Thursday, June 24


I discovered a few interesting technical bits this morning that I haven't seen before.

First, DNS operating order (as you may know) is:
(1) Check local host name
(2) Check hosts file
(3) Check DNS servers

If you query for domain name on an Active Directory domain controller, it doesn't resolve in the first step. So, you'd need proper DNS entries for the domain (or an entry in Hosts). I would've thought a query on a DC for domain name would resolve immediately, but when using a client that relies on DNS (like an ADSI script), it doesn't resolve.

Next, I found that a simple LDAP lookup (using domain name / rootDSE) via ADO resolved fine where a similar script using ADSI did not. So, apparently, ADO does NOT rely on DNS to attach to the rootDSE but ADSI DOES rely on DNS.

When evaluating whether to use ADO or ADSI, I recall that ADSI was generally easier, but there may be improved performance with ADO for larger record sets. I'm not sure if that's true, but that's what I remember reading years ago. I wonder if use of DNS should be an additional consideration in some cases?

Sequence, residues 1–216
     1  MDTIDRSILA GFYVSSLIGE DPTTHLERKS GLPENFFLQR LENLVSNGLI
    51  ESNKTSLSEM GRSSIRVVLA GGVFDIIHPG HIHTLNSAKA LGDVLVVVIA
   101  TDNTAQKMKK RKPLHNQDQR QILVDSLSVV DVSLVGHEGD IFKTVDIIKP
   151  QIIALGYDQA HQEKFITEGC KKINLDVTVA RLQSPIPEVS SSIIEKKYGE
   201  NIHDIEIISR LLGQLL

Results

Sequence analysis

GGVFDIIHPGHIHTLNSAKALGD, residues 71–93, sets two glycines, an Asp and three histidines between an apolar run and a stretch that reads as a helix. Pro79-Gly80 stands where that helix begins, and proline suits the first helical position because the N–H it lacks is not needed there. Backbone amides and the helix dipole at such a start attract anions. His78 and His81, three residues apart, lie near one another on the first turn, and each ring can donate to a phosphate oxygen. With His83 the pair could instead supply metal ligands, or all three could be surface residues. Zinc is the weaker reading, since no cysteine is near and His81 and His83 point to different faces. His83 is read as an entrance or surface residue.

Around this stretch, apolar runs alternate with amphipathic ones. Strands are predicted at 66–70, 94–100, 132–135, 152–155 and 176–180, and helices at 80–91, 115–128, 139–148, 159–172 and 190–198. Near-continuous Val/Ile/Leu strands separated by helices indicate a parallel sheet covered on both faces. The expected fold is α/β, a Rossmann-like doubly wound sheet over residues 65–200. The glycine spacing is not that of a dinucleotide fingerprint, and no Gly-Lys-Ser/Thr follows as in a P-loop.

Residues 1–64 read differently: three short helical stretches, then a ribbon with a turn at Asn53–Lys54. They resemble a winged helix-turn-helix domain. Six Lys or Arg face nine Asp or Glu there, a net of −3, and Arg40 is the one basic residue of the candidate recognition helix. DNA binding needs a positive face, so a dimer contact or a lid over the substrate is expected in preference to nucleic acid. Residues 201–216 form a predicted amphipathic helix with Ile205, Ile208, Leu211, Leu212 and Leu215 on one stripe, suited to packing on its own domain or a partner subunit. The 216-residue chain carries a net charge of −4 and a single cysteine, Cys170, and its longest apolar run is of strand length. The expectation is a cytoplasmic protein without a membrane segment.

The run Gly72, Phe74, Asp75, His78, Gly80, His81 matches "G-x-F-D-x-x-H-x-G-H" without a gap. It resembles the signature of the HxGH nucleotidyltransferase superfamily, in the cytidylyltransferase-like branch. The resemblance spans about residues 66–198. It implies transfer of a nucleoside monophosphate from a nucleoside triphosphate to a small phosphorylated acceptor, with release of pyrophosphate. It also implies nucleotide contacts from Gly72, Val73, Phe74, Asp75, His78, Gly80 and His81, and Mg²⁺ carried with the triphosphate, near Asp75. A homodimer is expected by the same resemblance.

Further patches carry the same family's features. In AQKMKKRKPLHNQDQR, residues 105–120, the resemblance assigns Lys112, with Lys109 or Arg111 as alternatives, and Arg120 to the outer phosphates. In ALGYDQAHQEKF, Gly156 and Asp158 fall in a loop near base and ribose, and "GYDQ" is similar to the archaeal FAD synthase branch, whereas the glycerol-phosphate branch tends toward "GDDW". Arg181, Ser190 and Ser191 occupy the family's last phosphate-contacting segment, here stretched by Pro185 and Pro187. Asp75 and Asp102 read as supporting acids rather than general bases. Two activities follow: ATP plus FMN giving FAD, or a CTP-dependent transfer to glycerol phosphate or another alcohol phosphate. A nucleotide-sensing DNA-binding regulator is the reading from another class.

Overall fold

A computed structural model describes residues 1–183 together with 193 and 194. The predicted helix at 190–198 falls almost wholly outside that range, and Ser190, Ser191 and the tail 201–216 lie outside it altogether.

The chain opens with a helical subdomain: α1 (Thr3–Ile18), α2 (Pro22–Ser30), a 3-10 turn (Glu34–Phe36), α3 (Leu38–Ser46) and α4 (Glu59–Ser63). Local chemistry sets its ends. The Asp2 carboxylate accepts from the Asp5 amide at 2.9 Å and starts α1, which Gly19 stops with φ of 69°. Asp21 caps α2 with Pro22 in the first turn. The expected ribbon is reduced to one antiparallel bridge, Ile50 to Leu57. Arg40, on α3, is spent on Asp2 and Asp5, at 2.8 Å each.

Larry Aucoin said...

Hey Matt, Interesting findings. If you are talking about using ADSI to talk LDAP, then I would recommend using the newer "System.DirectoryServices.Protocols" (S.DS.P) API.

I wouldn't say it is easier than ADSI, but far more flexible, powerful, efficient and stable than ADSI. Here is the link:

Matt Flynn said...

Thanks for the update Larry. It's been a while since I've had use any of these. Doesn't System.DirectoryServices use ADSI? If not, I wonder how it deals with name resolution.